Increased staff turnover should be anticipated due to increased mobility of qualifications and new career openings with professional recognition. There will also be some paramedics who struggle to attain and maintain the standards required under registration and decide to leave the profession.
This increase in workforce mobility has been experienced in the United Kingdom (UK) where of the 22,000 registered paramedics, only 40% work in frontline National Health Service (NHS) ambulance services.6,7
Registered paramedics in the UK have moved more easily into other areas of employment within the NHS and with private medical providers and it is hypothesised that this will happen in New Zealand, and Australia.8 This is arguably part of the reason for the UK’s current paramedic staffing shortage.
There are approximately 40 paramedic and ICP volunteers in New Zealand and the MoH intends to seek the sector’s views on whether registration fees for volunteers should be paid for by ambulance services.
The focus of the registration debate needs to be on public and professional protection. The primary purpose of the HPCA is “to protect the health and safety of members of the public by providing mechanisms to ensure that health practitioners are competent and fit to practise their professions”.1 There will be significant changes for paramedics and employers under registration and the impact both professionally and financially should not be underestimated.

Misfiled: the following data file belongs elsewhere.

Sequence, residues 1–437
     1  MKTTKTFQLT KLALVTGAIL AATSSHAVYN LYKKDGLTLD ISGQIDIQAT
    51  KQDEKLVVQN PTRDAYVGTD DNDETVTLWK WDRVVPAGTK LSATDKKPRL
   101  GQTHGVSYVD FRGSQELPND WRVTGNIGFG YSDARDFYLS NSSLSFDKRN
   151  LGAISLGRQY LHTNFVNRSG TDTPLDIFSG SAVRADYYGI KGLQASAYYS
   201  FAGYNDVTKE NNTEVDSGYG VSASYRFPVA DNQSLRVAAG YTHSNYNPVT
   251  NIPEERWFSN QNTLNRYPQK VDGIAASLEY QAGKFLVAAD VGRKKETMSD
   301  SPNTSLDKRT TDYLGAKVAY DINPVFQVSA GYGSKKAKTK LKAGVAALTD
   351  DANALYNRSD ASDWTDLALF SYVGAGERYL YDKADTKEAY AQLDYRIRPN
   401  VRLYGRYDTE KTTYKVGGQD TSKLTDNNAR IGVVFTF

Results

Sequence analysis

Whatever shape registration takes, it needs to be communicated clearly, with paramedics being supported and informed. The regulatory system must be safe for the public and elevate the profession of paramedicine. We need a functional system that minimises cost and bureaucracy and ensures that paramedics and ambulance services can provide out of hospital medical care to our patients in a rapidly evolving field of medical care.
About the author
Sean Thompson is Chair of Paramedics Australasia’s New Zealand Chapter and sits on both the New Zealand and Australian Paramedic Registration Working Groups. He is a BHSc paramedic degree lecturer at Whitireia New Zealand and an intensive care paramedic with Wellington Free Ambulance.
- New Zealand Ministry of Health. Health Practitioners Competence Assurance Act [Internet]. New Zealand Legislation. 2003. Available at www.legislation.govt.nz/act/public/2003/0048/latest/DLM203312.html
- Tunnage B, Swain A, Waters D. Regulating our emergency care paramedics. N Z Med J 2015;128(1421):55–8.
- New Zealand Ministry of Health. Responsible authorities under the Act [Internet]. 2015. Available at www.health.govt.nz/our-work/regulation-health-and-disability-system/health-practitioners-competence-assurance-act/responsible-authorities-under-act
- New Zealand Ministry of Health. Regulating a new profession [Internet]. 2016. Available at www.health.govt.nz/our-work/regulation-health-and-disability-system/health-practitioners-competence-assurance-act/regulating-new-profession
- Reed C. Personal communication 17 October 2016.
- National Health Service. NHS Hospital and Community Health Services Non-Medical Workforce Census 30 Sept 2014 [Internet]. 2014. Available at www.hscic.gov.uk/catalogue/PUB16933/nhs-staf-2004-2014-non-med-tab.xls
- Rate of paramedics leaving ambulance service nearly doubles [Internet]. National Health Executive. 2015. Available at www.nationalhealthexecutive.com/News/rate-of-paramedics-leaving-ambulance-service-nearly-doubles
- Paramedics Australasia. The case for national registration of paramedics [Internet]. 2014. Available at www.paramedics.org/advocacy/registration/the-case-for-national-registration-for-paramedics/